Are Your Goats Homeless?

Are Your Goats Homeless?Because of the make-up of their fleeces, and lack of an outer layer of body fat, goats suffer severely from cold, wet conditions and very cold winds.

They can, and will, shelter from the latter by seeking out undulations in the ground or lying up in the lee of rocky outcrops, logs, weed clumps, etc. But shelter from cold rain or hail is another matter.

Bush or the like, are excellent, but there is always the problem that the goats will eventually kill out the trees or scrub, unless the trees are really mature or the trunks are protected.

But the main point is that shelter is absolutely essential, particularly during the post-shearing period.

Pampas is being adopted by a number of farmers, since it provides both shelter and feed at a time when both are essential.

The other alternative is man-made shelters. Those built on skids so that they can be moved from paddock to paddock, have two advantages. In the first place they can be positioned where they are required, so that goats do not have to leave their grazing area to seek temporary shelter from adverse conditions. The other advantage they have over permanent shelters is that they reduce the risk of disease build-up.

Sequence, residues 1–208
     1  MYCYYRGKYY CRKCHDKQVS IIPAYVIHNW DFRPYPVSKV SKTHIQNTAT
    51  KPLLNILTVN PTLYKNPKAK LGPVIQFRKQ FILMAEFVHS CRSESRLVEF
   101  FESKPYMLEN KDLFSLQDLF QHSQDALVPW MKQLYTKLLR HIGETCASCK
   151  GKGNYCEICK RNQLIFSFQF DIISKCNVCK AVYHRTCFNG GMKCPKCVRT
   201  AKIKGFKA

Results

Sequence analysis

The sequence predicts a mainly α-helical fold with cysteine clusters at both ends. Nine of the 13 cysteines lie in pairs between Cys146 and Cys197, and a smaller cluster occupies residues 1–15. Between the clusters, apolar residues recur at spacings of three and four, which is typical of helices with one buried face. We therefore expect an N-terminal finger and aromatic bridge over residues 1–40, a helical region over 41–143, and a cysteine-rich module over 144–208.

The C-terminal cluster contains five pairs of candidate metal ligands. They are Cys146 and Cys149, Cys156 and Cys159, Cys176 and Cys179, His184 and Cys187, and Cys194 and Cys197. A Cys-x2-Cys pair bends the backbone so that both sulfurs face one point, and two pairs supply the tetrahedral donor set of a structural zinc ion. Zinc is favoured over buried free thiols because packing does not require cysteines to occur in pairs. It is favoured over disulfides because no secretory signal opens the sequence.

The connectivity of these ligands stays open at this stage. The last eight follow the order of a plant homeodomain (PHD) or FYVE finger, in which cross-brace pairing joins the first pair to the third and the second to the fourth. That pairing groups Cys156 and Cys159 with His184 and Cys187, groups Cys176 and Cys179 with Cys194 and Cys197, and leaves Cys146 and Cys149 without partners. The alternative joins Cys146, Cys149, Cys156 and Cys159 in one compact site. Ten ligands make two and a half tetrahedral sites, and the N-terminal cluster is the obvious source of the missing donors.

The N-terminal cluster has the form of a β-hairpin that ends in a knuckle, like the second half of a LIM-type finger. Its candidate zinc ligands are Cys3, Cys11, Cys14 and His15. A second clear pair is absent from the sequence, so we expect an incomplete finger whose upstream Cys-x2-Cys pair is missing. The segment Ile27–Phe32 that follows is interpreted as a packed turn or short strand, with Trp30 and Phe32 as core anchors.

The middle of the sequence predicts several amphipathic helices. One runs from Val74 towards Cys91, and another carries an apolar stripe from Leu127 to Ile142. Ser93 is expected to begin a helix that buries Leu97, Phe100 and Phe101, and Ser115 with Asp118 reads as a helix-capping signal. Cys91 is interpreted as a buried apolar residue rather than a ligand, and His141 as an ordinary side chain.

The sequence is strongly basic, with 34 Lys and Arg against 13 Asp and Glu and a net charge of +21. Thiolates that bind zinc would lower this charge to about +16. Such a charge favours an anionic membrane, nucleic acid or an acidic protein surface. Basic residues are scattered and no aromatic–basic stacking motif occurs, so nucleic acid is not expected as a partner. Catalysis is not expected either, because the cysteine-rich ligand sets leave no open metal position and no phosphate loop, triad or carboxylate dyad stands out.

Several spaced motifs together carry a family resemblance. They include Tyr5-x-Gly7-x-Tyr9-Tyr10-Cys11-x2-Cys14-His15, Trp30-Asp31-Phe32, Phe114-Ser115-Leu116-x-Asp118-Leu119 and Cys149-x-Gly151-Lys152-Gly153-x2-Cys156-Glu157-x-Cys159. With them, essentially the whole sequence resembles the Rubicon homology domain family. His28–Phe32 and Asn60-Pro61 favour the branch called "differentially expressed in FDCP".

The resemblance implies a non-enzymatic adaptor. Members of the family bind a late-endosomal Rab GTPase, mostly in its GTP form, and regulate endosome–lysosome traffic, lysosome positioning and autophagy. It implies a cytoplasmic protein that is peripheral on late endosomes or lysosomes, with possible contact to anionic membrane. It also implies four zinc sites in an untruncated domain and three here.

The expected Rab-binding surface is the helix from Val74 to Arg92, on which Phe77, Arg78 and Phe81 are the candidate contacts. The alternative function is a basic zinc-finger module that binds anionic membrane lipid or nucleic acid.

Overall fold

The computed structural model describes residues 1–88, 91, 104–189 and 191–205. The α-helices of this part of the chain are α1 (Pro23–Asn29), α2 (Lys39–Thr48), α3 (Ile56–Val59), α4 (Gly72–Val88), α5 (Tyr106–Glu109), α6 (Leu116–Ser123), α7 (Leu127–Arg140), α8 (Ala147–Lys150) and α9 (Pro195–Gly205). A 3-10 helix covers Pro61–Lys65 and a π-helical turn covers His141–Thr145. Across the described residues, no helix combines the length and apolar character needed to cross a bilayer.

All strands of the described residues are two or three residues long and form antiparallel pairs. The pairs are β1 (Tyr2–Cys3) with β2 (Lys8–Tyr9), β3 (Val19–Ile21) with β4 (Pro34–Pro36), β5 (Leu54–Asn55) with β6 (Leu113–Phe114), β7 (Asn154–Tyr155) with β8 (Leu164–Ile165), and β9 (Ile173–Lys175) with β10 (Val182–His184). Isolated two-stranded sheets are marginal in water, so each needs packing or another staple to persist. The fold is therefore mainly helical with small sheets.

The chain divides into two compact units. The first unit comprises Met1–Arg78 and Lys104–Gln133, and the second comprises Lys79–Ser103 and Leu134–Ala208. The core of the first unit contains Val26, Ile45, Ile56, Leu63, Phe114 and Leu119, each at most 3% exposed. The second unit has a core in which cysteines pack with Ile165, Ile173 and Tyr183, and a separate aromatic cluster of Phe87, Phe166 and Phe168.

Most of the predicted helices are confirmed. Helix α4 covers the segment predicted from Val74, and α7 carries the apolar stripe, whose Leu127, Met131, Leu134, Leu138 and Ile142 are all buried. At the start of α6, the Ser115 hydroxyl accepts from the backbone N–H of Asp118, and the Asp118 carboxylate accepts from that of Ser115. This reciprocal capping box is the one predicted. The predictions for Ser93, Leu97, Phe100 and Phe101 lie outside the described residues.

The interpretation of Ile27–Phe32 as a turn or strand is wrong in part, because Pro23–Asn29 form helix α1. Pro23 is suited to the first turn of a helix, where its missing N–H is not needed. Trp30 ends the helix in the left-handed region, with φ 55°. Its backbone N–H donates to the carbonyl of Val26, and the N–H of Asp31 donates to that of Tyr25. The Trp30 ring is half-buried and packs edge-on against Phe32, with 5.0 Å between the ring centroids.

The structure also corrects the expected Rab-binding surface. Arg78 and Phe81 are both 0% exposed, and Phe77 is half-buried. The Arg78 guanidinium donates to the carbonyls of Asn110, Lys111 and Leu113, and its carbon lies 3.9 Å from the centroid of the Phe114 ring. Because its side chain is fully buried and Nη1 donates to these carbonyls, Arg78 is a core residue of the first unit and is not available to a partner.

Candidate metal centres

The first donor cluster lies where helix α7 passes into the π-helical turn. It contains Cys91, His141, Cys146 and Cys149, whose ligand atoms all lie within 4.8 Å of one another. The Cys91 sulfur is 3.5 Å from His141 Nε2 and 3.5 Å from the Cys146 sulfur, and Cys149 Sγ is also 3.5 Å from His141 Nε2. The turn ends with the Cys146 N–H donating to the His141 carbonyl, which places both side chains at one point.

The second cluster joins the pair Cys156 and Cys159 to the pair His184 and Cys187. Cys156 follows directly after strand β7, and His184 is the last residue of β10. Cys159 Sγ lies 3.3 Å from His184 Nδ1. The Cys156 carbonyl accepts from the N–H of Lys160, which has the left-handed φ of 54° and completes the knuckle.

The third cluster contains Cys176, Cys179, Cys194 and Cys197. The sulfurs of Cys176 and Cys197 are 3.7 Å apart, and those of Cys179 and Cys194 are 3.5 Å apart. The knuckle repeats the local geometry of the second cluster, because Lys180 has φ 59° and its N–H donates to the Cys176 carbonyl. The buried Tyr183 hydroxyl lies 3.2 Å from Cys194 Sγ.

During trials with milking goats, goats were provided with arks, which they used frequently. But it was found that these created a health hazard. When they were removed, the health of the flock improved and the goats seemed to cope well without the shelter.

But milking goats are not normally shorn, and it is then that shelter is most necessary. It is also an advantage, if no natural shelter exists, at kidding. Newly-born kids left in the cold are even more subject to hypothermia than young lambs.

Does will usually take advantage of shelter for their kids, but several small units are better than one or two large ones, where kids may be trampled or the doe bullied by superior-rank females.

There are three key factors in overcoming climatic stress:

a) having goats in good condition (i.e. with good body reserves),

b) providing access to good shelter, and

c) providing good feed.

Two of these requirements at least must be met if winter shearing is to be undertaken.

An animal’s body reserves may not seem relevant to discussion of shelter requirements, but in fact the two go hand in hand.

Goats that are in poor condition (low body reserves) are at far greater risk at such times as shearing, even if good feed and shelter is provided at that time.

Conversely, if shelter is not available a doe must use available feed to counter loss of body heat, instead of using it to grow fibre, put on weight or provide milk for her kid.

There are those who suggest that goats should not be molly-coddled, as they tend to become “soft”. It is probably true that a hardy strain can be achieved if the weaker members of a mob are allowed to die out, but at present values this seems hardly acceptable.

On the other hand many farmers do comment on the fact that goats will scamper for cover at the first sign of rain, thus reducing the time spent grazing. There is no real evidence yet as to just how far we should go in pandering to goats’ instincts in this regard.